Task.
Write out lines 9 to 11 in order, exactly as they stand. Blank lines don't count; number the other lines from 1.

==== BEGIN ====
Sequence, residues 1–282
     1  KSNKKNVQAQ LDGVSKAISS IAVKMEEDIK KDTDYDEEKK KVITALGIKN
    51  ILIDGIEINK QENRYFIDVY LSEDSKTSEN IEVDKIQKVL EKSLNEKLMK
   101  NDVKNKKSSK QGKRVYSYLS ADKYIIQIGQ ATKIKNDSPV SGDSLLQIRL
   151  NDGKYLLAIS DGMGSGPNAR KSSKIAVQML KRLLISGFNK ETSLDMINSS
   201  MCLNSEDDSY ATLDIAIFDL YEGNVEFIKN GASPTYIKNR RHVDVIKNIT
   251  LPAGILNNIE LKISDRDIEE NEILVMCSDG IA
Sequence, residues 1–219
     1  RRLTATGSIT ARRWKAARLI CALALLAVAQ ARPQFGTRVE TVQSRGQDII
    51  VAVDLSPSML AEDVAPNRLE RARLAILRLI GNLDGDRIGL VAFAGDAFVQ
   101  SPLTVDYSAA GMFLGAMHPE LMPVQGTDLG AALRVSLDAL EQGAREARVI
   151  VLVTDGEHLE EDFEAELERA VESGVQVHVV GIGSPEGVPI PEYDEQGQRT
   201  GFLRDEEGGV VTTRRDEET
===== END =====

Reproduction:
     1  RRLTATGSIT ARRWKAARLI CALALLAVAQ ARPQFGTRVE TVQSRGQDII
    51  VAVDLSPSML AEDVAPNRLE RARLAILRLI GNLDGDRIGL VAFAGDAFVQ
   101  SPLTVDYSAA GMFLGAMHPE LMPVQGTDLG AALRVSLDAL EQGAREARVI